BRADENTON — Pedro Alvarez and Andrew McCutchen both tweaked their batting stances this offseason. McCutchen hit just .216 after the second half of the season in 2011 after a strong first half that named him to the National League All-Star team. Alvarez appeared in just 74 games with Pittsburgh with a .191 average after a solid 2010 where he was named Rookie-of-the-Month in September.
With a goal to improve upon their 2011 seasons, both Alvarez and McCutchen are already seeing great results this spring.
Looking to bounce back from a disappointing season, Alvarez has been working on a different stance at the plate. Alvarez, has exaggerated the toe tap that he started incorporating towards the end of last year.
“Pedro was working and searching for some things to do last season,” Pirates Manager Clint Hurdle said. “He talked to some people, talked to some guys similar body types that he thought might be able to get a feel for. It was a small toe tap at the end of the season. Now he took it out to California, exaggerated it a bit more.”
A former first-round pick by the Bucs in 2009, the Pirates need Alvarez to swing the bat like the player who hit 16 bombs over 95 games his rookie season in 2010.
“He’s just really collecting himself by coming back and holding that position,” Hurdle said. “He’s got the toe, ankle, knee moving the ball, a little bit of body position, he’s getting a swing off it.”
McCutchen had a huge first half for the Pirates, where he hit .291 with 14 homers, 54 RBI, scored 54 runs and stole 15 bases over 88 games. McCutchen, who is looking to sustain that success over an entire season, changed his batting stance over the off-season by moving his left foot back. The decision was made by Andrew himself.
“Andrew took ownership of that, evaluated some things last year,” Hurdle said. “[He] was looking for a position that he could establish early, just to get himself in a better hitting position.”
Hurdle said the first guy he ever saw using an exaggerated open stance was Andres Galarragra, a former first baseman who played 19 seasons in the big leagues. How the new stance can help McCutchen will tell, but so far this spring, Hurdle likes what he sees.
“After he had some challenges to try and find a way to get back to better square position when it front foot hit’s the ground, different body types can present different challenges, and Andrew just feels really comfortable now with that little opening in the front side, setting it down soft,” Hurdle said. “It’s getting him back towards the pitcher at first step, back towards the middle but he’s not crossing himself. It’s getting him squared up, keeping the barrel in the zone longer from back to front.”
“He worked hard at it during the winter and brought it in here and we like what we’re seeing.”
I’m just happy to see Pedro’s ears. I didn’t know he had them. 🙂 🙂 🙂
McCutchen is key hitter for this year offensively IMO, with Presley and Tabata in front of him, he is going to have a lot of chances for RBI’s, the top three in this lineup can cause a lot of problems for opposing pitchers.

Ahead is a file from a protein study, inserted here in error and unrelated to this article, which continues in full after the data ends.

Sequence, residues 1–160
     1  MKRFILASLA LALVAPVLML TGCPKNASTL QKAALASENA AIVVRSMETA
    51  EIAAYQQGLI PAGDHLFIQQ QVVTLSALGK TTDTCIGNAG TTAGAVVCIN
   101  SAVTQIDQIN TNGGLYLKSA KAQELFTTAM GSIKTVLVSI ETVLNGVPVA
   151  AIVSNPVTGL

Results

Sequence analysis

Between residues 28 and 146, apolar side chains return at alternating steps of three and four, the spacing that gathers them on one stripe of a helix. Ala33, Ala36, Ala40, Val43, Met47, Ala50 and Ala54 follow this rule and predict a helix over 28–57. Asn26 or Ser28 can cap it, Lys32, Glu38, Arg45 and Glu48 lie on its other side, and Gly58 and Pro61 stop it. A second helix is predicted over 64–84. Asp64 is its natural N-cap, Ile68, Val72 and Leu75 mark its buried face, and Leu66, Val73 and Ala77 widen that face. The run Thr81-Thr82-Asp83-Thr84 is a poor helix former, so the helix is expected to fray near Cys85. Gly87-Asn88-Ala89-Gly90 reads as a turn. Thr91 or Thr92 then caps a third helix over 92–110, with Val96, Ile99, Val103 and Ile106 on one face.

The question for Hurdle is, Who starts the year as your 4 hitter? If it is Alvarez, McCutchen can take a lot of pressure off of him if he hits well in front of him.
Cutch got pitched around a ton in the last half of the season. He pressed instead of taking a lot of walks. Understandable.
I worry a little about Cutch fiddling with his stance, but if it keeps him from over swinging…
Regarding one of Hurdle’s comments – what, he never saw Brian Downing?
Uneducated baseball “fans”…have you ever heard the terms, making an adjustment? This is a great step in the development of both Pedro and Cutch. Every great player has to do this…
So…they are having “success” in batting practice? Ooooooooooooo.K. ………
They do live batting practice. They’re not facing batting practice fastballs. They’re facing a pitcher who is throwing just like he would throw in a game.
“Just like in a game” Timmy? I think not.
Have you observed something different over the last week in Spring Training?
The only way Pedro will improve if he tries to hit the other way, that way he stays in the strike zone longer
Any changes these guys make on their own is bound to improve them as long as they don’t get any involvement from the “hitting” coach. PA can’t possibly be any worse.
I don’t care if Pedro wants to stand on his head at the plate, as long as he can duplicate what he did in 2010 throughout this season, I’ll be happy.
Not sure what the toe tap does, but if it helps him to not swing at pitches 3 feet off the plate and in the dirt, well, it’s a win-win.
The toe tap probably won’t help with the mental aspect of going out of the zone. Unless, you’re talking about the toe tap improving his overall timing, allowing him to make contact with the good pitches and therefore he isn’t going up to the plate being desperate to prove something.
Personally I’m glad he took the entire offseason off and just focused on getting into better shape, I think it will do him a world of good come April. Also, note that I don’t necessarily think that “a world of good” will equate to 30 HR. However, I think he’ll definitely have a much better K/BB rate, maybe more into a .250 AVG range, and a SLG closer to 2010’s.
I realize I’m going out on a limb here, and by no means am I really expecting a “break-out” season by Pedro. I’m just of the opinion that this will be the year that Pedro reinstills some confidence to; himself, his teammates, and the fans.
if pedro churns out a .250 avg, 20 HR, 70-75 rbi, you have no idea how much wonders that would do for the buccos lineup…..i would call that stat line a successful year if he got that
Most definitely, especially considering the fact that he’ll probably be working out of the 5/6 hole for most of the year, and I would lean towards him being a 6. The pirates haven’t had production like that from that particular part of the lineup in……19 years?